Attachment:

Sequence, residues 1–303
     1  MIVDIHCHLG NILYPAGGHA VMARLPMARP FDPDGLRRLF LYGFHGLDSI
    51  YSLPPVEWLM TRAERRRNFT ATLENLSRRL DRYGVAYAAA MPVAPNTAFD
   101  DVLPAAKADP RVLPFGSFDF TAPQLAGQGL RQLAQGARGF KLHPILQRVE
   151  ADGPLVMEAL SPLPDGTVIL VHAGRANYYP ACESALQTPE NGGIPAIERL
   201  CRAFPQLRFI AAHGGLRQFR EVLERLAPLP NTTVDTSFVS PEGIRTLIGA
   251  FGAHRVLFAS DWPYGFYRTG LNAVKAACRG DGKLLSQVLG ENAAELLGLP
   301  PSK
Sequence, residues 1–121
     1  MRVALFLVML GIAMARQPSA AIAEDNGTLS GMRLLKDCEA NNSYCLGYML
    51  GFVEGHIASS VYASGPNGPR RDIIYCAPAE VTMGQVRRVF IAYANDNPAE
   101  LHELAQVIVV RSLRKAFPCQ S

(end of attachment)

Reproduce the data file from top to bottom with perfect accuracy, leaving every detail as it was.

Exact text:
Sequence, residues 1–303
     1  MIVDIHCHLG NILYPAGGHA VMARLPMARP FDPDGLRRLF LYGFHGLDSI
    51  YSLPPVEWLM TRAERRRNFT ATLENLSRRL DRYGVAYAAA MPVAPNTAFD
   101  DVLPAAKADP RVLPFGSFDF TAPQLAGQGL RQLAQGARGF KLHPILQRVE
   151  ADGPLVMEAL SPLPDGTVIL VHAGRANYYP ACESALQTPE NGGIPAIERL
   201  CRAFPQLRFI AAHGGLRQFR EVLERLAPLP NTTVDTSFVS PEGIRTLIGA
   251  FGAHRVLFAS DWPYGFYRTG LNAVKAACRG DGKLLSQVLG ENAAELLGLP
   301  PSK
Sequence, residues 1–121
     1  MRVALFLVML GIAMARQPSA AIAEDNGTLS GMRLLKDCEA NNSYCLGYML
    51  GFVEGHIASS VYASGPNGPR RDIIYCAPAE VTMGQVRRVF IAYANDNPAE
   101  LHELAQVIVV RSLRKAFPCQ S